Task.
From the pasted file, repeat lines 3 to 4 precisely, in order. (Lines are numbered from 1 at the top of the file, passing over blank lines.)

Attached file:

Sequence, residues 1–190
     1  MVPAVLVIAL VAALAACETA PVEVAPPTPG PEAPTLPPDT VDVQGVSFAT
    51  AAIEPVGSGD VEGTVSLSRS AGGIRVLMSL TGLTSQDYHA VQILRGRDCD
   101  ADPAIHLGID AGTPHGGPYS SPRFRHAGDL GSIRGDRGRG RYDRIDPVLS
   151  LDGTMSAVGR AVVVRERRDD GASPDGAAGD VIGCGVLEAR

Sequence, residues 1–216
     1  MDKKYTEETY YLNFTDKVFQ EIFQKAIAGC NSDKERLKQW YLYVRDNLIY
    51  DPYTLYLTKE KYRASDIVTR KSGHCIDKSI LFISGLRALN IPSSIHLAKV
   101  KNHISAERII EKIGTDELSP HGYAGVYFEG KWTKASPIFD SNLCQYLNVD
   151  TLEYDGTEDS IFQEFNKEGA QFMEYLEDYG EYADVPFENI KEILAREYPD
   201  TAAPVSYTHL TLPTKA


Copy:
    51  AAIEPVGSGD VEGTVSLSRS AGGIRVLMSL TGLTSQDYHA VQILRGRDCD
   101  ADPAIHLGID AGTPHGGPYS SPRFRHAGDL GSIRGDRGRG RYDRIDPVLS